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Henry VI, Part 1 | Study Guide

William Shakespeare

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Henry VI, Part 1 | Act 4, Scene 1 | Summary



King Henry is crowned at Paris in the presence of a large retinue of English noblemen: Gloucester, Talbot, Exeter, York, Warwick, Suffolk, and Somerset are all in attendance. Winchester performs the actual coronation, and the Governor of Paris, also present, kneels to swears an oath of allegiance to Henry. As the governor rises to his feet, Sir John Fastolf arrives, bringing a letter from the Duke of Burgundy. Talbot denounces Fastolf as unworthy of knighthood after his cowardly performance at the Battle of Patay. Henry agrees and banishes Fastolf "on pain of death."

With Fastolf gone, Gloucester opens the letter and reads aloud of Burgundy's treachery. Henry orders Talbot to go forth immediately, raise an army, and punish Burgundy for his betrayal. He leaves at once to carry out the king's orders. At that moment Vernon and Basset (the Yorkist and Lancastrian who quarreled in Act 3, Scene 4) come into the king's presence and beg him to let them settle their disagreement by combat. As they rehearse the details of their dispute, York and Somerset begin to argue as well.

Henry tries to stop his noblemen from fighting, but York throws down his gage (a glove or gauntlet), ceremonially challenging Somerset to a duel. Gloucester and Henry intervene to break it up, and Henry gives a long speech imploring his noblemen to fight the French—not each other. During this oration Henry puts on a red rose, claiming that there is no reason such symbols should be a cause of strife in his kingdom. Finally he announces his intention to return to England via Callice (Calais), bringing the royal audience to an end. He and most of the others leave.

The Duke of Exeter remains onstage, as do York and his supporters Vernon and Warwick. York muses that Henry's choice of a red rose (the Lancastrian team symbol) could spell trouble down the road, but Warwick tells him not to read too much into it. Exeter, the last to leave the stage, prophesies that the king's youth and the noblemen's infighting will bring England to "ruin" and "confusion."


This scene, like Act 3, Scene 1 before it, underscores King Henry's weakness as a leader compared to the strong-willed, battle-hardened noblemen who make up his court. In principle Henry is their ruler, but the dukes and earls in Part 1 are much older and more politically experienced than Henry; moreover, many of them are his uncles. For much of this play and well into Part 2, Henry is sheltered from the consequences of his nobles' quarreling by Gloucester, who does an excellent job of living up to his title of Lord Protector.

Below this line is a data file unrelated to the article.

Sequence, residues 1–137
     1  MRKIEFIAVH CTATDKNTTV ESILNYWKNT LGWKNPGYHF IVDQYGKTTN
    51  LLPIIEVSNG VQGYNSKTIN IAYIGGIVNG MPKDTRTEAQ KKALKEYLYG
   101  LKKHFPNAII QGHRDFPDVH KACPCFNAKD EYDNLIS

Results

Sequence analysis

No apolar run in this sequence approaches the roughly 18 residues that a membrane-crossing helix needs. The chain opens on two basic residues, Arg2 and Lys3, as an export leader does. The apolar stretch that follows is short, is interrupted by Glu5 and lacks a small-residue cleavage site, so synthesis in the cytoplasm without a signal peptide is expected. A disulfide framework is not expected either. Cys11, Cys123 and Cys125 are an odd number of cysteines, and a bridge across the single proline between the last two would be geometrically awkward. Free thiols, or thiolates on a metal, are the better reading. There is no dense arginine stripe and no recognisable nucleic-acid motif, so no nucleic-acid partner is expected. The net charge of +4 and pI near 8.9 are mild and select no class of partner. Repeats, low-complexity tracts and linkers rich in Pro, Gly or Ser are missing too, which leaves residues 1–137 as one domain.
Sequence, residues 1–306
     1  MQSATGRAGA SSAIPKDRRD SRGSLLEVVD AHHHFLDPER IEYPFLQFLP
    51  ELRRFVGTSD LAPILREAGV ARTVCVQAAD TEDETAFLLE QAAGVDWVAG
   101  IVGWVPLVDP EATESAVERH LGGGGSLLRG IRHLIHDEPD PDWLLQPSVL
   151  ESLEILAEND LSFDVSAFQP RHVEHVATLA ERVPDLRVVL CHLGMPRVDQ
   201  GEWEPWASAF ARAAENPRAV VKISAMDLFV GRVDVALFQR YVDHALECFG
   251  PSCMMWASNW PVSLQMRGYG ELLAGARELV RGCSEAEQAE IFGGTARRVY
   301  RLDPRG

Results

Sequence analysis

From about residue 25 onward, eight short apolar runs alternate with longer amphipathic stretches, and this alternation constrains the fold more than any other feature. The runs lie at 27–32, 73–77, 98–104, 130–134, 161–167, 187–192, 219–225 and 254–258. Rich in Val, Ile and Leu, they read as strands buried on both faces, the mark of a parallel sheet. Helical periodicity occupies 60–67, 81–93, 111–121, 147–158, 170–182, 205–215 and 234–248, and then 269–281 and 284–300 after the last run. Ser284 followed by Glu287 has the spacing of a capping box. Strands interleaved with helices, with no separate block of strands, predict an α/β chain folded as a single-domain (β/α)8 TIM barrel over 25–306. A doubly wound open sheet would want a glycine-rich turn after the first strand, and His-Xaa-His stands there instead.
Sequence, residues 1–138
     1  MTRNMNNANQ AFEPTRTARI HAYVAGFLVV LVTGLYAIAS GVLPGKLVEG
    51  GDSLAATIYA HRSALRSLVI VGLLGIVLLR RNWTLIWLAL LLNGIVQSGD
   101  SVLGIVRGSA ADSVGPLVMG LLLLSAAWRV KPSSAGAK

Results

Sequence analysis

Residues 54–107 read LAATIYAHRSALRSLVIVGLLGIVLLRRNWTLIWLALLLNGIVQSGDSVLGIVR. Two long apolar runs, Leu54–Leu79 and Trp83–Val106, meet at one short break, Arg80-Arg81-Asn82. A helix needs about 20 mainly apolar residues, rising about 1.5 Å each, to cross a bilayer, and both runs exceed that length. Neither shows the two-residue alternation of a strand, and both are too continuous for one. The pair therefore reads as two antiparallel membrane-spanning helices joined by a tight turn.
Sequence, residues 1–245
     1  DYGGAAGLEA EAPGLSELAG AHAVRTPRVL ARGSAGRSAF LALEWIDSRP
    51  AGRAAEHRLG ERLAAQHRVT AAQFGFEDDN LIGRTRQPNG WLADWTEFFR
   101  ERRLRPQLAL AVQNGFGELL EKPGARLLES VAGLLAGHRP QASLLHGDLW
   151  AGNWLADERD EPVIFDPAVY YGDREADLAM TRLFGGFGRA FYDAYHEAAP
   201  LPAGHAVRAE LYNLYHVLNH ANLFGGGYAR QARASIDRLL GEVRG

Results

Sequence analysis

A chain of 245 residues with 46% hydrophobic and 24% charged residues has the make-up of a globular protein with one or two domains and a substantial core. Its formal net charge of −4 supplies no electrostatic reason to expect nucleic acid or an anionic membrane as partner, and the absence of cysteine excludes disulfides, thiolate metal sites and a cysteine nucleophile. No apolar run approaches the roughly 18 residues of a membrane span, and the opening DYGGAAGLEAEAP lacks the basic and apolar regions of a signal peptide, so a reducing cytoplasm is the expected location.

Henry is essentially right when he claims that infighting among the English nobility will lead to the loss of France, though it takes several more years for his prophecy to come true. He makes a few critical mistakes, however, in delivering his conciliatory speech. For one, he assumes his subjects "love [his] favor" enough (i.e., care enough about his opinion) to do as he says. This quickly proves not to be the case. The more insidious problem is Henry's wearing of the red rose: whether or not Henry means to take sides, this gesture marks him publicly as a part of Somerset's team.

Exeter, too, is right on the money when he predicts that the inexperienced King Henry will not be able to patch up the "unkind division" among his lords. In fact, this ongoing "White versus Red" animosity will only worsen over the course of Act 4, with York and Somerset peevishly refusing to cooperate on the battlefield. By the end of this act their feuding will have resulted in the loss of many soldiers and the death of the heroic warrior Talbot.

Readers of the Henry IV plays may wonder if the "Sir John Fastolf" presented here is the same as the "Sir John Falstaff" who plays such a large role in Shakespeare's other English histories. The short answer is "no." It is true that Shakespeare presents both men as disgraced knights who flee from battles at inopportune times. Fastolf, however, was a real knight, famous for his exploits in the Hundred Years' War; he did, in fact, retreat from the battle of Patay, but historians seldom see this as sufficient grounds to call him a coward. In any case, neither the real nor the fictional Fastolf has all that much in common with Falstaff, a comic buffoon who spends most of his time in taverns.

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